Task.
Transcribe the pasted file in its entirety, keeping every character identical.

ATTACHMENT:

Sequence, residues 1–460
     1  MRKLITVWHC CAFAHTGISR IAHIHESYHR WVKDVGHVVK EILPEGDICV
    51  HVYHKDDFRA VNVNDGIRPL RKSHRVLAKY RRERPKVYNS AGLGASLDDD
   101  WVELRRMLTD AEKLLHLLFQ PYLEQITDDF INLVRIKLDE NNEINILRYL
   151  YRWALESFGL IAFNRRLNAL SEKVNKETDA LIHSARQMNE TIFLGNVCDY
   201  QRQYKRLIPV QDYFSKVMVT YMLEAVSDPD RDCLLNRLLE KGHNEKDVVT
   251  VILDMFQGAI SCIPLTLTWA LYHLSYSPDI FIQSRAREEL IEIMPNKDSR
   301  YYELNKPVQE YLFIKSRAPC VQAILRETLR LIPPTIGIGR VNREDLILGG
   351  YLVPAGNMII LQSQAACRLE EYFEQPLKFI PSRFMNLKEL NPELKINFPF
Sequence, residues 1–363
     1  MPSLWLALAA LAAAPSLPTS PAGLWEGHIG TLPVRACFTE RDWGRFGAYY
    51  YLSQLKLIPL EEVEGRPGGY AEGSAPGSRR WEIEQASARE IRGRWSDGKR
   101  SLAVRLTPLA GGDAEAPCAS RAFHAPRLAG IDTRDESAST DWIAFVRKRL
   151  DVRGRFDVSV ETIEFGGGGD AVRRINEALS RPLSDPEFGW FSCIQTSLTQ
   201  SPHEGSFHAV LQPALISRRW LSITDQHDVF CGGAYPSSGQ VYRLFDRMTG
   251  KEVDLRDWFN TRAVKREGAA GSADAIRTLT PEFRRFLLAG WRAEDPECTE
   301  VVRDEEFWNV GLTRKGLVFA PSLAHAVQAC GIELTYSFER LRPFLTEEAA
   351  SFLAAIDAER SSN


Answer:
Sequence, residues 1–460
     1  MRKLITVWHC CAFAHTGISR IAHIHESYHR WVKDVGHVVK EILPEGDICV
    51  HVYHKDDFRA VNVNDGIRPL RKSHRVLAKY RRERPKVYNS AGLGASLDDD
   101  WVELRRMLTD AEKLLHLLFQ PYLEQITDDF INLVRIKLDE NNEINILRYL
   151  YRWALESFGL IAFNRRLNAL SEKVNKETDA LIHSARQMNE TIFLGNVCDY
   201  QRQYKRLIPV QDYFSKVMVT YMLEAVSDPD RDCLLNRLLE KGHNEKDVVT
   251  VILDMFQGAI SCIPLTLTWA LYHLSYSPDI FIQSRAREEL IEIMPNKDSR
   301  YYELNKPVQE YLFIKSRAPC VQAILRETLR LIPPTIGIGR VNREDLILGG
   351  YLVPAGNMII LQSQAACRLE EYFEQPLKFI PSRFMNLKEL NPELKINFPF
Sequence, residues 1–363
     1  MPSLWLALAA LAAAPSLPTS PAGLWEGHIG TLPVRACFTE RDWGRFGAYY
    51  YLSQLKLIPL EEVEGRPGGY AEGSAPGSRR WEIEQASARE IRGRWSDGKR
   101  SLAVRLTPLA GGDAEAPCAS RAFHAPRLAG IDTRDESAST DWIAFVRKRL
   151  DVRGRFDVSV ETIEFGGGGD AVRRINEALS RPLSDPEFGW FSCIQTSLTQ
   201  SPHEGSFHAV LQPALISRRW LSITDQHDVF CGGAYPSSGQ VYRLFDRMTG
   251  KEVDLRDWFN TRAVKREGAA GSADAIRTLT PEFRRFLLAG WRAEDPECTE
   301  VVRDEEFWNV GLTRKGLVFA PSLAHAVQAC GIELTYSFER LRPFLTEEAA
   351  SFLAAIDAER SSN